"All right, Sandy," said Buck as he strung together the reins of the two horses. "Git off and on your way, cowboy! And use them spurs."

Sandy Davitt leaped to his saddle, yelled at his cayuse, and was gone in a mad rush.

For a little Sam Fisher could only cling to his pommel, faint with pain, his head swirling. When he came to himself he found himself riding beside the still senseless Steve Arnold. Buck rode in front, their reins fastened to his saddle, his rifle across the pommel. He glanced back and glinted a hard smile at the sheriff of Pecos.

"You're luckier that most, Fisher. Yes, sir, you sure are. If it'd been anybody else you'd be dead this minute."

Sam Fisher tried to smile. "I don't see, Buck, why in thunder you didn't finish the job. It isn't like you to weaken at killing a man."

"I may yet." Buck eyed him morosely. "Reckon I got sentimental for a spell."

"Then you'd better do it quick," said Fisher, "for I'll sure get you, Buck. Yes, sir, I'll sure——"

His words ended in a groan of anguish and he clutched at the pommel.

Buck smiled. "I reckon you won't do no gettin' for some while to come, sheriff; you with a bum laig, a busted arm, and a' bullet through the shoulder!"

"I've still got one good arm." Fisher tried to smile, but his lips twisted in pain. A groan was torn from him again. "This knee! I can't ride with it, Buck."

"You got to," said Buck shortly.

At this time, from the wooded hills ahead of them, came a single rifle shot that echoed and died away. Buck frowned and vainly searched the hills with his eyes. Nothing was in sight.

For ten minutes the three pursued their slow course. Fisher clung to his saddle; every movement of his horse caused him torture. At last a cry burst from his lips—a cry so bitter, so desperate in its suffering that Buck drew rein.

"Buck! I can't do it! I can't do it! You got to put your coat or somethin' under my knee; it's more'n I can bear."

The man reeled in the saddle as he spoke; he was bent, broken, all his iron nerve shattered by the agony of his tortured body. His blue eyes, dulled with pain, stared horribly at Buck.

The rancher, a trace of pity in his harsh features, silently nodded. He put the rifle in its boot and took off his corduroy coat. This he rolled loosely, then edged his horse beside that of the swaying Fisher.

"Ease up on your laig now while I shove her underneath."

Fisher reeled, caught at the shoulder of Buck as the latter stooped. Another groan broke from his lips when Buck thrust the rolled corduroy beneath his leg. Then suddenly——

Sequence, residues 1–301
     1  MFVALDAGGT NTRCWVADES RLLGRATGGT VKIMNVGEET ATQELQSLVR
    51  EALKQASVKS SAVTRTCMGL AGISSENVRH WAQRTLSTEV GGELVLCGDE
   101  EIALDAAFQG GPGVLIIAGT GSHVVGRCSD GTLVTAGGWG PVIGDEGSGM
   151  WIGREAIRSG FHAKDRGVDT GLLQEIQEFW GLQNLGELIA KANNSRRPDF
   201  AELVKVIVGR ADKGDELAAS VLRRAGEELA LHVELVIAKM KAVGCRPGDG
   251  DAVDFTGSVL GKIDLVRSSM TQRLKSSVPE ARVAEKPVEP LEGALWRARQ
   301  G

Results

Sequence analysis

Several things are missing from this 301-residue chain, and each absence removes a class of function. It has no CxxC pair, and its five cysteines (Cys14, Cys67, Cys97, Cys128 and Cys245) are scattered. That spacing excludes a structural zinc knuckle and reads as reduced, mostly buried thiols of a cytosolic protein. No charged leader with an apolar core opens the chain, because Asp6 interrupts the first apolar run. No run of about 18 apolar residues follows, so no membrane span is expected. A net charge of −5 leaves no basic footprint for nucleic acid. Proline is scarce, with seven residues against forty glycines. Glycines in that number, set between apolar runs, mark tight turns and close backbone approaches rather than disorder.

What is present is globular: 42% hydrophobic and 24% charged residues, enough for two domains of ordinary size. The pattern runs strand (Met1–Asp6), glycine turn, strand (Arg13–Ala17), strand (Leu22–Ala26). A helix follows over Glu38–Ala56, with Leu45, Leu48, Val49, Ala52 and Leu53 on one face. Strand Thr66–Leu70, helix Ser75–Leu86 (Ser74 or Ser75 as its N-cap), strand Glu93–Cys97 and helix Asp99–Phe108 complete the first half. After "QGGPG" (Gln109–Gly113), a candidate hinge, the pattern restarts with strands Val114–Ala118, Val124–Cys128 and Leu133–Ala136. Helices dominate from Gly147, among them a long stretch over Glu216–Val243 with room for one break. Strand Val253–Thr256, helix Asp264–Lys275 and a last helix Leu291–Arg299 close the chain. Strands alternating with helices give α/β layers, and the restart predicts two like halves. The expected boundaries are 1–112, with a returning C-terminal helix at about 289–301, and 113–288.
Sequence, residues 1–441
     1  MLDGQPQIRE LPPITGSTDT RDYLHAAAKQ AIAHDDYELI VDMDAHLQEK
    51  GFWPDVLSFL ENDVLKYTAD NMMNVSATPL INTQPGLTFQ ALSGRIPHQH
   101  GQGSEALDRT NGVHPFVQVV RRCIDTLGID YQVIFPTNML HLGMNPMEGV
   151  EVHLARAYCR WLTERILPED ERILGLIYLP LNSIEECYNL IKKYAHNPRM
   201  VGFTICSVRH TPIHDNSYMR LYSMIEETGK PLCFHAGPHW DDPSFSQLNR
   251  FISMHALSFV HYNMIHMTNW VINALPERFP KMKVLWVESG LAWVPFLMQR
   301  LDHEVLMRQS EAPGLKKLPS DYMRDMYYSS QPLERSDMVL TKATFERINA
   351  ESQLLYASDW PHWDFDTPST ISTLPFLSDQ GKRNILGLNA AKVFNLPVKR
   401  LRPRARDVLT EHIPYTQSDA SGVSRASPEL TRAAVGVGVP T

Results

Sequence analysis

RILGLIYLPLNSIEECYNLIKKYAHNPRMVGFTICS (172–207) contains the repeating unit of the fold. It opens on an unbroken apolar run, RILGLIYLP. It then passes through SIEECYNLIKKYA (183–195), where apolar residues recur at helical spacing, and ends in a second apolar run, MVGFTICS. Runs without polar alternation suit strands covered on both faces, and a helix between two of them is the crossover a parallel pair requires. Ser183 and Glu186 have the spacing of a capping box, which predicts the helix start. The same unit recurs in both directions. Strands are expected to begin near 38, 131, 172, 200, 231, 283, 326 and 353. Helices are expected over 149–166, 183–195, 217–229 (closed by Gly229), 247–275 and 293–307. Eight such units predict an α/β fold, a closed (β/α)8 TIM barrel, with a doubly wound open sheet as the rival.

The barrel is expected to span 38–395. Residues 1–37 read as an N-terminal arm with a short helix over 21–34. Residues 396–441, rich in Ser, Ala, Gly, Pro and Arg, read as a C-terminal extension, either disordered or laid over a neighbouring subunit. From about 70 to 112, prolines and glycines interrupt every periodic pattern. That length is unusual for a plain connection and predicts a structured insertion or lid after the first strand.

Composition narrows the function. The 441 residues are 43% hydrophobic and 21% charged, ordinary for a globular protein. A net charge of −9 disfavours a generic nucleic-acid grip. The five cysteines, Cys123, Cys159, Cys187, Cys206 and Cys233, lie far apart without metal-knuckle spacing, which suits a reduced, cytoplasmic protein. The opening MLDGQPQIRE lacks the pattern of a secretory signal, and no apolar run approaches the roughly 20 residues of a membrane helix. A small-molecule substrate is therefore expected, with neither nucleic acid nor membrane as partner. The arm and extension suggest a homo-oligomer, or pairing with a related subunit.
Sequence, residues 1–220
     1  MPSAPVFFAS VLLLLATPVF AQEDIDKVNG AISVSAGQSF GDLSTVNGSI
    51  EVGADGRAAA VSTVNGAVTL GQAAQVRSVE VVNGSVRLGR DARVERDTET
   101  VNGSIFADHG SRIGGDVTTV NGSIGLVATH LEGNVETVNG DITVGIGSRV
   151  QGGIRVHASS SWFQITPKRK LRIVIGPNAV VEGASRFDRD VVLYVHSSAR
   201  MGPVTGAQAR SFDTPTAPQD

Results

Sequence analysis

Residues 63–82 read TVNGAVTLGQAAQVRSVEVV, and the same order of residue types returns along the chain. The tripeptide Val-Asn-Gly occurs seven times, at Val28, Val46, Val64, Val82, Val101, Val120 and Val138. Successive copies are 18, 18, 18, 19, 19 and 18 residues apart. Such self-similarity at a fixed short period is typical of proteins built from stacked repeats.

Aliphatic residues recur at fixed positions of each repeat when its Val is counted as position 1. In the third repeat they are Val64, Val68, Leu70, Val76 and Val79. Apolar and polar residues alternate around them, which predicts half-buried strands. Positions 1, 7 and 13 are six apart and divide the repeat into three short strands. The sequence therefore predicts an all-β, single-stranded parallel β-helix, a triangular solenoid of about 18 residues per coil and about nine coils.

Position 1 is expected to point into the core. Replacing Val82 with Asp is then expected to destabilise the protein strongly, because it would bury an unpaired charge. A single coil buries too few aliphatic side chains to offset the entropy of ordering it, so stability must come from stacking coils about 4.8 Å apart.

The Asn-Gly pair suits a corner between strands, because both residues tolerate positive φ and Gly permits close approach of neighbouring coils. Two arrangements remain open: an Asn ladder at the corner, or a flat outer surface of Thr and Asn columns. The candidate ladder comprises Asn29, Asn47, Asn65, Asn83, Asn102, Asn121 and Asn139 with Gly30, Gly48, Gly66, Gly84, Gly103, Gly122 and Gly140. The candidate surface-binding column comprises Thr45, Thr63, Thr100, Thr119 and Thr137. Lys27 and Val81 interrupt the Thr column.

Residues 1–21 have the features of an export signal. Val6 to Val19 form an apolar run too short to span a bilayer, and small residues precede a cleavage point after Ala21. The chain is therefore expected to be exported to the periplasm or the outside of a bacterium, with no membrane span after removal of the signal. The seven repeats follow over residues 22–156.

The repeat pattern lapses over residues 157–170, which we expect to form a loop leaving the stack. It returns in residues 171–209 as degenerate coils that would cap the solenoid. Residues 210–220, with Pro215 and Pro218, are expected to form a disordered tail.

Fisher's left hand caught the revolver from the holster of the stooping rancher. Swift as light he slashed the front sight across the head of Buck.

"Still got one hand, Buck!" lifted his voice.

Buck hardly knew what had hit him. That front-sight blow stunned him, raked his skull almost to the bone, left a grisly wound. Blindly putting one hand to his head, Buck uttered a hoarse cry, plunged forward, and rolled to the earth senseless.

For a moment Fisher sat gazing down, the revolver in his hand.

"Good work, Sam!" lifted a roaring voice from the trees. "Good work! I was jest gettin' a bead on the skunk when you riz up."

Jake Harper urged a horse into sight, uncocking his rifle as he came. Fisher stared at him weakly, hardly realizing what the man's appearance here meant.

"You got away?" he murmured.

"You bet! Any time I can't git out o' buckskin thongs when they's water handy to stretch 'em—— Good gosh, Sam! What's happened?"

Sam Fisher reeled a little. Jake looked at the limp figure of Arnold, perceived that Fisher himself was swaying in the saddle.

"Me, I'm about all in, Jake," said the whimsical voice. "You got to do the rest. Don't hurt Buck, mind; he's got to go to the pen. I have the goods on him. You have to take us back to the Lazy S—but look out! Look out for that man Sandy——"

Jake Harper dismounted, rushed to Fisher's side, and caught the sheriff of Pecos as he went limp.

"Don't you worry none about Sandy Davitt," he said grimly. "That's his hoss I'm ridin' now. Didn't ye hear a shot a while back?"

But Sam Fisher could make no response.